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Tuesday, October 3, 2023

Officials Link Indonesian Village Aid Funds to Weapon Procurement by Papua’s Rebellion

President Joko Widodo introduced the "Dana Desa" village fund in 2015

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Sadaf Hasan
Sadaf Hasan
Aspiring reporter covering trending topics

INDONESIA. Papua: Officials claim that separatists in Papua, an Indonesian province where a New Zealand pilot was taken hostage in February, have been using government aid money to buy weapons on the illicit market for a deadly guerrilla conflict.

President Joko Widodo introduced the “Dana Desa” village fund in 2015, and it was valued at $4.7 billion this year. It has long been condemned for being prone to corruption.

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Papuan separatists have been fighting for independence more than 3,000 kilometres (1,800 miles) from Jakarta since the area, which is rich in copper, gold, nickel, and natural gas, was annexed by Indonesia after a vote in 1969.

Lawyers and court records claim that the rising insurgency is occurring at the same time as a rise in the illegal weapon trade in the area, with the village fund serving as a major source of funding.

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In 2015, only one instance of the illegal trade in firearms and ammunition was documented in Papua, according to court records and reports. By 2021, the number had climbed to 14.

In Nduga, where Susi Air pilot Phillip Mehrtens has been kept hostage for over three months, police are so concerned that the village fund is being used to purchase guns that they have requested that the central administration withhold the $14 million allocated to the area this year.

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According to a Papua police spokesperson, if the police don’t stop it, the village fund will flow to the village and the rebels may continue to solicit for money to buy food or weapons.

A spokesman for the Nduga district government, Otomi Djiwangge, said that Dana Desa was “not supported by the right monitoring” and that the local government lacked the power to oversee it.

Djiwangge told the media that it is reasonable if the village fund is used loosely and anyone can do whatever they want with it.

He did not make any remark on the claim that the fund is used by rebels, as it was merely a presumption, according to media reports. It is not clear how much of the $337 million in village grants designated for the Papua area in 2023 is being used for armaments.

However, Faizal Ramadhani, the head of the Cartenz Peace Operations unit that is in charge of Papua’s security, said that approximately 40% of the illicit arms cases he looked into contained money from the Dana Desa project. He declined to give more information.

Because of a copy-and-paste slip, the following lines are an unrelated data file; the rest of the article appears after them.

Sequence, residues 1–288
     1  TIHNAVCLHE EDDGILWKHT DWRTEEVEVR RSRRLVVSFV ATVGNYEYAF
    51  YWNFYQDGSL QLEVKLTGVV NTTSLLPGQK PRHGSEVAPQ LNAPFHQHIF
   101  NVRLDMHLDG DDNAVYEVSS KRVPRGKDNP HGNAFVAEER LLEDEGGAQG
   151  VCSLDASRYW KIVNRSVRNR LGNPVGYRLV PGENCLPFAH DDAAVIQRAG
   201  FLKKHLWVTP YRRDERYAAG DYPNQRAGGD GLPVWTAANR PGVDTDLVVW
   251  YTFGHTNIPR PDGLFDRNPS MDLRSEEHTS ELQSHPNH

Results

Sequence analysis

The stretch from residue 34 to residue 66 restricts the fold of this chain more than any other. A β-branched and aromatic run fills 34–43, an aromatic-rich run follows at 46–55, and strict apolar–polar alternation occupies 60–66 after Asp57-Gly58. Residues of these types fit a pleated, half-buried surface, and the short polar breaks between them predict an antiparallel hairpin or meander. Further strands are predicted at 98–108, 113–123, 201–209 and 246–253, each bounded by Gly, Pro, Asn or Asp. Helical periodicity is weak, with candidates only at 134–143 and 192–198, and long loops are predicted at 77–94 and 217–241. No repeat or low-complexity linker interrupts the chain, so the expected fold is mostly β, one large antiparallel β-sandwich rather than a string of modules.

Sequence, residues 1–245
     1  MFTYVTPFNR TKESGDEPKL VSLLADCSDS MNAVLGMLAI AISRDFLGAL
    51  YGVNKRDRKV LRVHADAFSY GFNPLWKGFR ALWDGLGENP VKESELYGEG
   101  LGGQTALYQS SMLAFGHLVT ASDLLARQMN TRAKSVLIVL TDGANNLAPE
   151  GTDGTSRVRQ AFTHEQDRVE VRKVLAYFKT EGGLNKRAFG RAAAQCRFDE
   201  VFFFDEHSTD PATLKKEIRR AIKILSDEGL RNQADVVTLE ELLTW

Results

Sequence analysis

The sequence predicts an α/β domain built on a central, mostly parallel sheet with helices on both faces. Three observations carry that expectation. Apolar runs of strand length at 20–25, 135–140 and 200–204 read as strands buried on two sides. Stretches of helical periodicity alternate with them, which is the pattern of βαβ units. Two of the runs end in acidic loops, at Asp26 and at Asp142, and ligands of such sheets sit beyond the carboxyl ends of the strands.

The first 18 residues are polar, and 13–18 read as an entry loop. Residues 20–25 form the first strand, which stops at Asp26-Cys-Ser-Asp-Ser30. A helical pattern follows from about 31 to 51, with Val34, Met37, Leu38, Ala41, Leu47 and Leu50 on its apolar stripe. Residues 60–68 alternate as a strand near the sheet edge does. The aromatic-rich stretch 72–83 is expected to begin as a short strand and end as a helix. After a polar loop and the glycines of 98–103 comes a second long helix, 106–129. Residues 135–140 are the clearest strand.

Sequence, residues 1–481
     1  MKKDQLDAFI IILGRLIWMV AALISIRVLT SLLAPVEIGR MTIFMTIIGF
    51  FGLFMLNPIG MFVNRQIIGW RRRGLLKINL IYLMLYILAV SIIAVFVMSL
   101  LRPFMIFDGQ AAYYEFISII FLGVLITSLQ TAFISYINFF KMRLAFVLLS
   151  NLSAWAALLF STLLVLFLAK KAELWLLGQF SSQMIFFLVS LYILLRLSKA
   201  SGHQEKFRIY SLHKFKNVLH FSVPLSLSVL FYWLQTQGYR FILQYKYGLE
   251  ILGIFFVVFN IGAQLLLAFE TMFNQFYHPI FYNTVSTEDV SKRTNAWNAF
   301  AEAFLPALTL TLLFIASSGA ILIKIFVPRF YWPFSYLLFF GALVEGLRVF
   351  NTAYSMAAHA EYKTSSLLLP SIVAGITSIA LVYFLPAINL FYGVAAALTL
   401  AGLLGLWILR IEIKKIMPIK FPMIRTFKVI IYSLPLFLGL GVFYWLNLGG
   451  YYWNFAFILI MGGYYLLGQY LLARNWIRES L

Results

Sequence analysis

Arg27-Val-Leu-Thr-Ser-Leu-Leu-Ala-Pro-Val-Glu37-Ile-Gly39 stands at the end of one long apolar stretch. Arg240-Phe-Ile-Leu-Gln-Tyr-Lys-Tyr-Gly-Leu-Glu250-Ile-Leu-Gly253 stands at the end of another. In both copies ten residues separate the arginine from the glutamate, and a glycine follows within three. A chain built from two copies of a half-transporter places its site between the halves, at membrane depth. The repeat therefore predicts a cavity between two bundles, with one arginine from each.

While denying the claim that Papuan separatists have been embezzling money, the finance ministry, which is in charge of distributing Dana Desa, claimed that procedures were in place to ensure the funds were used as intended, as per reports.

The fund was linked to 154 cases of alleged corruption in 2021, the most of any government spending, according to the NGO Indonesia Corruption Watch.

Sebby Sambom, a spokesman for the West Papua National Liberation Army (TPNPB), the armed wing of the Free Papua Movement, denied that rebels had used village funds but acknowledged that the state had unintentionally funded the organisation in part.

“We have a rich land, so we do it our way. We can make money through gold mining and timber, as well as many government payments. We have a right to use that money,” he said.

Dana Desa, which was designed to promote economic growth, has more than tripled in size since 2015, yet others in Papua claim that little has changed as a result.

A tourist official in Intan Jaya, stated that he had “never seen a project funded by the village fund, not at all.” Instead, he claimed, fatal clashes that were once restricted to the wilderness now take place in the centre of the city.

Recent images made public show the increased firepower of Papua’s separatists, coupled with a threat to shoot Mehrtens if independence discussions don’t start within two months.

Deka Anwar of the Institute for Policy Analysis of Conflict (IPAC) said that the rebels in Nduga were armed with a grenade launcher, several machine guns, and 18 assault rifles, including ones made by the government’s Pindad arms manufacturer.

He claimed that the days of Papuan rebels¬†saving ammunition were over. He went on to say that they may now shoot for days. He stated that in the highlands of Papua, local revenues are used as a “revolutionary tax,” taken either through threats and coercion or voluntarily by pro-independence activists.

In the Papuan highlands, village heads frequently distribute the funds in cash after depositing them directly into village bank accounts.

Rebels in Papua have a lot of money, so buying guns is easy, according to  another director of the Democracy Alliance for Papua (AIDP) and an attorney who handles cases involving illegal weapons purchases.

According to her, to make matters worse, rebels are largely buying weapons from unscrupulous military and police officers.

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